Facts About Poisons
Children are naturally inquisitive and love to explore their world. Infants tend to put everything in their mouths and toddlers grab whatever looks interesting. Adolescents may experiment with drugs and other mind-altering substances. Consider these facts about poisonings in the United States:
- Each year, poison control centers receive more than 1.1 million calls about accidental poisonings among children ages 5 and under.
Calls to poison control centers peak between 4 pm and 10 pm.
- Only 30 percent of caregivers are able to accurately measure a correct dosage of over-the-counter medications to their children.
- More than 90 percent of poisonings in children occur in the home.
- In children, approximately 60 percent of poisonings involve products other than medicines such as plants, cleaning products, cosmetics, pesticides, paints, and solvents; 40 percent of poisonings involve medications.
What is "the arsenic hour?"
Peak calls to poison control centers occur between 4 and 10 p.m. In fact, dinnertime is such a busy time of day for most families, that many times parents do not supervise their children as closely as usual. This is a common time of day for childhood poisonings to occur and has led poison center staff to call this time of day "the arsenic hour."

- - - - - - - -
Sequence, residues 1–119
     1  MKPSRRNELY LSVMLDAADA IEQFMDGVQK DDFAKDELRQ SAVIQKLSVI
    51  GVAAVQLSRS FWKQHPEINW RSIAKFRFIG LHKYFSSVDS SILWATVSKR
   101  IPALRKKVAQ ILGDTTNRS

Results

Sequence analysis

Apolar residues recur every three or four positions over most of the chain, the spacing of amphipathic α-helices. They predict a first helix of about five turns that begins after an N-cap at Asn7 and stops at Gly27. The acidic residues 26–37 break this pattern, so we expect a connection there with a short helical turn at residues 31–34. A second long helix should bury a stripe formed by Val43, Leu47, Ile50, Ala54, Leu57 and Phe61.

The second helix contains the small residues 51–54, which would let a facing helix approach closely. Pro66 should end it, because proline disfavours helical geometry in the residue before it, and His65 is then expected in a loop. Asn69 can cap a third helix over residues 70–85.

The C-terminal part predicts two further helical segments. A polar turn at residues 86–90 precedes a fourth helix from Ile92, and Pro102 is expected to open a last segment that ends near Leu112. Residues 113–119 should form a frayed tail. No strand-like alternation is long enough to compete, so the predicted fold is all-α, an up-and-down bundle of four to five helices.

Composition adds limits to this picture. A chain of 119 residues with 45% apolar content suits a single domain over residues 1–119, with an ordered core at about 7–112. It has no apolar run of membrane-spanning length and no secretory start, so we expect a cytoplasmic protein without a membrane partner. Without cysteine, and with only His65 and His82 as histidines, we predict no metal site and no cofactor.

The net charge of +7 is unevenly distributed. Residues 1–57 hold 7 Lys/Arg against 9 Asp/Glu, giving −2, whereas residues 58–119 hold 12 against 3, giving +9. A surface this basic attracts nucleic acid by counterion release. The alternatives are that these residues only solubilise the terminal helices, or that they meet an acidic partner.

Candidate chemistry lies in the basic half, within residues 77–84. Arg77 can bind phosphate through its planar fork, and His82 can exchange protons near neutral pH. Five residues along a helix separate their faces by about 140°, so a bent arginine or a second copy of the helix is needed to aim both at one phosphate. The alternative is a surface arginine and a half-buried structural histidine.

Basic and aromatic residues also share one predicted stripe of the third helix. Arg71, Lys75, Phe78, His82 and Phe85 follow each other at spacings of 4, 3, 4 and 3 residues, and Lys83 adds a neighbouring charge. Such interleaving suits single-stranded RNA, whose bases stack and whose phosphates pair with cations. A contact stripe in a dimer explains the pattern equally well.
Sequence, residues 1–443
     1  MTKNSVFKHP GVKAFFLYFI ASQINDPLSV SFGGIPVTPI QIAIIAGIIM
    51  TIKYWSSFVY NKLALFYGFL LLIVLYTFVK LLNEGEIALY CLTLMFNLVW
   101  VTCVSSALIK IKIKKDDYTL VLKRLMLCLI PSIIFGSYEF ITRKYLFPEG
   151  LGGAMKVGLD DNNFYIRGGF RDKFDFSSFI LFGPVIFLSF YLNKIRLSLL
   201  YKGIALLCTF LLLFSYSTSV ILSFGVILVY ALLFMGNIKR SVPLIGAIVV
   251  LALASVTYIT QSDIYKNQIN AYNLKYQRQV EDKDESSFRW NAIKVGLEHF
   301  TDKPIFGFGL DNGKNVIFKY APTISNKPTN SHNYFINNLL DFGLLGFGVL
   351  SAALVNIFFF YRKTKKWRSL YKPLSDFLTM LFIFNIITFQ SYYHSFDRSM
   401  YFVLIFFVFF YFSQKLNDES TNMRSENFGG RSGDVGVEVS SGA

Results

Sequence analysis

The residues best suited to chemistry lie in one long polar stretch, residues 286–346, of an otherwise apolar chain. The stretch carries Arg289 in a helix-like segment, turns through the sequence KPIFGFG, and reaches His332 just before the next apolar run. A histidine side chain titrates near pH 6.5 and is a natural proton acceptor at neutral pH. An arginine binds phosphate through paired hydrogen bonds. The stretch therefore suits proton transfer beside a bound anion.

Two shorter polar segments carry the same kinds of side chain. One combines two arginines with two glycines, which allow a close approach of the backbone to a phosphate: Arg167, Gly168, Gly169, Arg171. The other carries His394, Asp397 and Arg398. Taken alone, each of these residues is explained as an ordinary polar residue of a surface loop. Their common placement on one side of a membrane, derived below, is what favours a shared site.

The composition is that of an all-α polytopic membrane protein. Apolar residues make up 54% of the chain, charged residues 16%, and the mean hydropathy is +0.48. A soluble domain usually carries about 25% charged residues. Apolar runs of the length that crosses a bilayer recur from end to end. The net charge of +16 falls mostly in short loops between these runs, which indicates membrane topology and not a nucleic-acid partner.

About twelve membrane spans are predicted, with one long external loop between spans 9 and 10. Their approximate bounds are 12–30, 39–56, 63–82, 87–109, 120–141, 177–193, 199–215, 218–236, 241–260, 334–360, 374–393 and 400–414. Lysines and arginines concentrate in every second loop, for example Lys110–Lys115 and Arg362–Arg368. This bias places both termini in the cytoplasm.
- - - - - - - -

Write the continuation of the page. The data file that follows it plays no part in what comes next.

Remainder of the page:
The good news is that prompt treatment can prevent most serious reactions. And, of course, poison prevention is always the best cure.
Be prepared for a poisoning emergency by posting the poison center telephone number by every phone in your home.
The national, toll-free poison control center locator number is 1-800-222-1222. From here, you will be automatically redirected to the nearest Poison Center in your area.
If you have a poisoning emergency, call your local poison center immediately.
If the child has collapsed or is not breathing, call 911, or your local emergency medical services (EMS).
Click here to view the
Online Resources of Common Childhood Injuries & Poisonings
Disclaimer - This content is reviewed periodically and is subject to change as new health information becomes available. The information provided is intended to be informative and educational and is not a replacement for professional evaluation, advice, diagnosis or treatment by a healthcare professional. © 2009 Staywell Custom Communications.